Taking it up a nock: Archers compete at fairClose to 100 children and teenagers gathered in Jamestown on Saturday for their chance to compete in the annual Stutsman County Fair 4-H Archery 3-D Shoot.
By: Ben Rodgers, The Jamestown Sun
Close to 100 children and teenagers gathered in Jamestown on Saturday for their chance to compete in the annual Stutsman County Fair 4-H Archery 3-D Shoot.
“It’s a family sport and a fun activity, and it’s something they can do literally for a lifetime,” said Royce Carlson, coach for the Stutsman County 4-H team.
Carlson and a group of four shooters competed in the national competition last month. Stutsman County took 12th out of 24th teams that participated in Grand Island, Neb.
“Anybody that doesn’t have faith in the youth of America needs to go to that,” Carlson said of nationals.
Carlson was on-hand Saturday morning to help run teams through the 20-target course, which featured a variety of animal-shaped targets.
Archers were awarded 12, 10, eight or five points per target, depending on where each arrow struck.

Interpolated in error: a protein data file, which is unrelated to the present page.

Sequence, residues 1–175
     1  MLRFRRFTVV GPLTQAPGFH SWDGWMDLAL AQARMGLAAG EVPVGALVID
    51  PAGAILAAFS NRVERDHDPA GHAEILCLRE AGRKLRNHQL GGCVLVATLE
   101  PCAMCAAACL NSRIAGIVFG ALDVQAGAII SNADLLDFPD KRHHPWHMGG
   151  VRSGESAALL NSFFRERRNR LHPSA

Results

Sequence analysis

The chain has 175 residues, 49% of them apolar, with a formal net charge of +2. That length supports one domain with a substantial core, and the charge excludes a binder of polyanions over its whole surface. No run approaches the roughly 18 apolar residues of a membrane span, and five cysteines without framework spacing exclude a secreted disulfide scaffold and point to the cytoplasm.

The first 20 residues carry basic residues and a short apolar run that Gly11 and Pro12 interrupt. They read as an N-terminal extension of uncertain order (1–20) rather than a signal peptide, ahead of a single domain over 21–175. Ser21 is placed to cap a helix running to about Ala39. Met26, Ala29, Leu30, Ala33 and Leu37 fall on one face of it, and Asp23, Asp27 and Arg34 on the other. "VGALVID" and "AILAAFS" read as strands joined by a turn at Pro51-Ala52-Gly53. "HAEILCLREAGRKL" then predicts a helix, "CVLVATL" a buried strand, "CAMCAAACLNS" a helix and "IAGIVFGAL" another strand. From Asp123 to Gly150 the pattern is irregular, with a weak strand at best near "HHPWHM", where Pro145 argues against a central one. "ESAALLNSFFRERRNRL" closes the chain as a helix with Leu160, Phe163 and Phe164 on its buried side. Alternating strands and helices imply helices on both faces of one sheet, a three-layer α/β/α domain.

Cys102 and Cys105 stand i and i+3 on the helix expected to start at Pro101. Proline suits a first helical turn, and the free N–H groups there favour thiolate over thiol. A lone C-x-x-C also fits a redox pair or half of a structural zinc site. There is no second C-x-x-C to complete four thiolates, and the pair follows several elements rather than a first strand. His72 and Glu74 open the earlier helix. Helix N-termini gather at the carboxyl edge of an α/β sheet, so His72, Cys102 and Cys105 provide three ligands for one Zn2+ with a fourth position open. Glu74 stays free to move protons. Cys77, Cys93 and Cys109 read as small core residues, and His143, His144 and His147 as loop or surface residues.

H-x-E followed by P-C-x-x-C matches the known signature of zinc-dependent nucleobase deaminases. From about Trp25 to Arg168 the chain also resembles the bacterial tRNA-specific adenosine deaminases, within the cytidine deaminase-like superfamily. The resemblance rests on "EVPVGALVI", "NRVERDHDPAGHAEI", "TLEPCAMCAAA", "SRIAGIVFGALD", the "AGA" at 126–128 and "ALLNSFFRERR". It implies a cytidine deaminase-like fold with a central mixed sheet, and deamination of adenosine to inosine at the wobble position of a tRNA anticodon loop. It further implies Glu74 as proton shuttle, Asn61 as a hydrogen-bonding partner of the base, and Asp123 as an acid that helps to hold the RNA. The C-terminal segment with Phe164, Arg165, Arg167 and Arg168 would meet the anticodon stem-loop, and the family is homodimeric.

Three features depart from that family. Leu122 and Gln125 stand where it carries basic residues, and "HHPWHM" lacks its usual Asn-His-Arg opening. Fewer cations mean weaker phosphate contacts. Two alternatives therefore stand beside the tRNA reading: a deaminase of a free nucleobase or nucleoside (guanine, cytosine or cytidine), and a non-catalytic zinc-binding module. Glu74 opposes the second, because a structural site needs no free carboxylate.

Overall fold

Carlson also called Saturday his “vendetta against video games,” to show that children can have fun outdoors with their families.
“They can get outside and enjoy the great outdoors and see there’s more than computers and video games,” he said.
That mentality rang true with a few archers on the line as they fired arrows through Styrofoam turkeys and bears.
“It’s not sitting in front of the TV and we’re working,” said Cody Tokach, 11, Mandan.
Tokach said he is excited for bow hunting next year and claimed he can keep still in a tree stand as he waits for a deer.
Hunting is why he enjoyed Saturday’s invitational tournament.
“It’s just fun to see all the different animals and shoot at them,” he said.
The competition is part of what helps drive Kasey Pazdernik, 17, Mandan.
“It’s always fun to compete,” Pazdernik said.
He also said he likes to get out shoot in places other than his backyard whenever he gets the chance.
“It’s a lifelong sport, it’s fun. It relieves stress if you’re stressed out,” Pandernik said. “There’s always time to do it, you can do it pretty much anywhere and I enjoy hunting, that’s why I do it.”
“It’s an individual sport and the kids learn a lot of discipline with it,” Hattlewick said.
After his trip to nationals, Chris Well, 18, Jamestown, said he has moved beyond being am archery hobbyist.
“It’s not a hobby, it’s more of a lifestyle,” Well said.
Sun reporter Ben Rodgers can be reached at 701-952-8455 or by email at firstname.lastname@example.org